#contrast

Size Does Matter !

C´mon ... not what some of youse may be thinking ... ;-) Everything over here's only about the image (yeah, I mean the photographic image). So, please check the pictures below, I'm really curious if you catch on as to what's changed (... and don't bother trying to check out the EXIF, coz it´s been neutralized ;-)

Hope y´all like the images, please let me know your thoughts in the comments section!

Drunk glasses, one´s the odd one out!

It´s always the shadows that animate me to take images, see below the repeating forms of the shadows cast by the wrought iron window bars on the old brown jug and window sill and also in the reflection on the underside of the jug:

Play of shadows and reflections on the old brown jug ...

Ok, so the bokeh´s a bit busy here - I´ll give you a tip: this ain´t no prime lens here, but a wide to short tele zoom lens at f/4. See, I'm trying to make it easier for you ;-) ... Had to get down in the dirt to get this one (well, the flipping screen on my camera did help a little bit!)

Farn leaves enjoying the sun!

And what about this one? Four pillars gracing the entrance of a town house. I preferred the shot with the tight framing of a short tele over the wider view of a normal or wide angle setting:

Four pillars town house

Last but not least an image from the lovely Hof Garden in Bayreuth, showing a nice perspective of the decorative greenery. At least by now you should have caught on what's going on with these images? No? Then take a closer look ... ;-)

Park perspective (Hof Garden in Bayreuth)

Look forward to your comments, please leave me a note on my contact page or in the comments section below, I hope y´all enjoyed the read, thanks for looking by!

Best regards & have a great Sunday evening,

Hendrik

I hope this post was helpful / interesting for you - If you like you can support me by sending me a small donation via PayPal.me/hendriximages ! Helps me run this site & keeps the information coming, many thanks in advance!

Into the Light: Look for the Shadows (Fuji ACROS-R Settings)

Shadows. What do they mean? Depends on your point of view & mood: darkness? melancholy? pessimism? Or do they point towards the light, leading the viewer´s eyes to the bright tones in your image, creating an impression of brightness, hope, and optimism? You decide! Use those shadows to manifest the existence of light. Want to learn more? Please read on to find out!

Into the Light, with Fuji X100F, 23mm f/2 @f/2.8, 1/34sec ISO1600 developed in LR CC mobile

Difficult image, this one. Dynamic range clearly exceeds the latitude of the JPEG file, but I wanted the shadows to come in black as ink to strengthen the impression of moving into the light at the end of the corridor. That's why I usually use Fuji´s ACROS film simulation with shadow tone set to +3 (very hard). As some of youse may know I do nearly all my post processing on my iPad Pro on Lightroom CC mobile, using Fuji´s magic ACROS JPEG´s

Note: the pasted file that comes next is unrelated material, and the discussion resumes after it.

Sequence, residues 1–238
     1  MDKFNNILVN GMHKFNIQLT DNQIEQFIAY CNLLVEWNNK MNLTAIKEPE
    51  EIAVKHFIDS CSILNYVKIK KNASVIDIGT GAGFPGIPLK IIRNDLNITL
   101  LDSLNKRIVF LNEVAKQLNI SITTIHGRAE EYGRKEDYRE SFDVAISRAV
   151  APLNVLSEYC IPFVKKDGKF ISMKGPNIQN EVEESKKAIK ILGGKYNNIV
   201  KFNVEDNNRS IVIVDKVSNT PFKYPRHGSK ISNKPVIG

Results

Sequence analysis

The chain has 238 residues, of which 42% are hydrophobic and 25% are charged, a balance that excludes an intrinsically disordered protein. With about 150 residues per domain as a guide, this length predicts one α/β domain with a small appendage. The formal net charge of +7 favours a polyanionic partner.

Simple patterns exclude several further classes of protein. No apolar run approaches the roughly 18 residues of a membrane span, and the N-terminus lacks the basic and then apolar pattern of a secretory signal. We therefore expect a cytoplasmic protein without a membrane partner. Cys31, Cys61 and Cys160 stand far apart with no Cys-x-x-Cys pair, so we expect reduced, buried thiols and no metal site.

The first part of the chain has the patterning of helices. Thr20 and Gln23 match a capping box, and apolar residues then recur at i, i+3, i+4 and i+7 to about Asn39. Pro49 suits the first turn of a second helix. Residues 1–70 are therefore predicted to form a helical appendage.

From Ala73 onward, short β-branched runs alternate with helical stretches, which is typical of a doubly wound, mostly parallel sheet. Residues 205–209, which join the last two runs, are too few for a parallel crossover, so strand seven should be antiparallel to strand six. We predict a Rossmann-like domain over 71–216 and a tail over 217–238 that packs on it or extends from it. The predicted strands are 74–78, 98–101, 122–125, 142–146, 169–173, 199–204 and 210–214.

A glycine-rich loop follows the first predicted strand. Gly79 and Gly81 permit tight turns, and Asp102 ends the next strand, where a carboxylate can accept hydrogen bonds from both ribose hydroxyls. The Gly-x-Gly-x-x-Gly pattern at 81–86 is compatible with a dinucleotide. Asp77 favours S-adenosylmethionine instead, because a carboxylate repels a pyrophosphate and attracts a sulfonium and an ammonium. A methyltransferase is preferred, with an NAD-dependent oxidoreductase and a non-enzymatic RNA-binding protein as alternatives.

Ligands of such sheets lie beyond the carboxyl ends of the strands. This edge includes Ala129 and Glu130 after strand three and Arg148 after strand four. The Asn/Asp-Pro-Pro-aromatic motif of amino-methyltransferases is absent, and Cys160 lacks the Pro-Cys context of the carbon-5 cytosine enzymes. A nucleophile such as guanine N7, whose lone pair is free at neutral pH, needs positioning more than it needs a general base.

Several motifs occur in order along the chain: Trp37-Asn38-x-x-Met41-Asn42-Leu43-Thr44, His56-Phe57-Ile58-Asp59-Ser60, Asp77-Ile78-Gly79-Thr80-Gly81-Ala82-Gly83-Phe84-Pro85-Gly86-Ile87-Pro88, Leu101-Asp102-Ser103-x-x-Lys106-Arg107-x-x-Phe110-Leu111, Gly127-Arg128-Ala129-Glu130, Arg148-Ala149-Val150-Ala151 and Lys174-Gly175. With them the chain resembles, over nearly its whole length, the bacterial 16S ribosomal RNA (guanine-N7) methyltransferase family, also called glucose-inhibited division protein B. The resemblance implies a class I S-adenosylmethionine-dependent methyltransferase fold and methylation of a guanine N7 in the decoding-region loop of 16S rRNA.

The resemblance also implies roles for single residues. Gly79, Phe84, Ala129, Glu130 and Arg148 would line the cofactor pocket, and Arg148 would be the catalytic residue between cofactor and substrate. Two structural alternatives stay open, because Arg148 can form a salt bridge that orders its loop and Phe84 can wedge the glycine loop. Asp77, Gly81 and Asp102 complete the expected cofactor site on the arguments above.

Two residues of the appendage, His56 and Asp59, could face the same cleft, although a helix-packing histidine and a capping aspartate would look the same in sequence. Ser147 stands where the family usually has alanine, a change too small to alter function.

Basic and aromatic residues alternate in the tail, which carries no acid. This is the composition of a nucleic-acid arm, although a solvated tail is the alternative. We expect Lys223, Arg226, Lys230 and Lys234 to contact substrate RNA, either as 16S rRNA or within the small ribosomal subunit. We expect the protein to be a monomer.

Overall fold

However, when diving into the corresponding RAW file I can discover a couple more stops of dynamic range in the shadows by dialing down the shadow contrast. But I didn't wanna make ´em visible as this  would've created too much of a HDR effect for my taste. But if y´all interested I could do a follow up post showing how that looks, please leave me a comment below if interested! ;-)

Courtyard doors, Fuji X100F, 23mm f/2 @f/5.6, 1/60sec ISO400 developed in LR CC mobile

Also above image got a shadow tone of +3. Gives me solid black w/o detail between the doors for my trouble. But if I reduce the shadow contrast to 0 or -1 I get a too flat gradation in the door panels. The door panel shadows are too close to black making it difficult to get sufficient contrast separation, so I left the image as I´d originally taken it. Below image is much better balanced:

Table by the window, Fuji X100F, 23mm f/2 @f/5.6, 1/75sec ISO400 developed in LR CC mobile

The table and chairs have a special glow to them, coz I usually use a medium soft highlight tone of -1 which gives me more tonality and flatter gradation in the lighter tones of the image. However you gotta watch it: Don't use -1 or lower highlight tones in images with predominantly lighter tones (eg. with a lot of sky) as the resulting contrast is too flat and you don't get no more pure white. For me the image below´s on the edge in that respect: Contrast in the floorboards and the wall is maybe a touch too flat:

Chinese hallway, Fuji X100F, 23mm f/2 @f/2.8, 1/42sec ISO1600 developed in LR CC mobile

The below image has a broad gradation from black over mid-tones in background to white, nicely bringing out the texture in the wall and the floor:

Chinese doorway, Fuji X100F, 23mm f/2 @f/5.6, 1/220sec ISO400 developed in LR CC mobile

Summarizing my preferred ACROS settings are:

  • ACROS-R (red filter) or ACROS-Y (yellow filter)
  • Dynamic range on Auto or max. 200% (400% flattens gradation too much)
  • Highlight tone -1 or 0, depending on the amount of light tones in the image
  • Shadow tone +3 to deliver those punchy black shadows
  • Noise reduction -3
  • No additional grain (ACROS has an ISO dependent grain built in)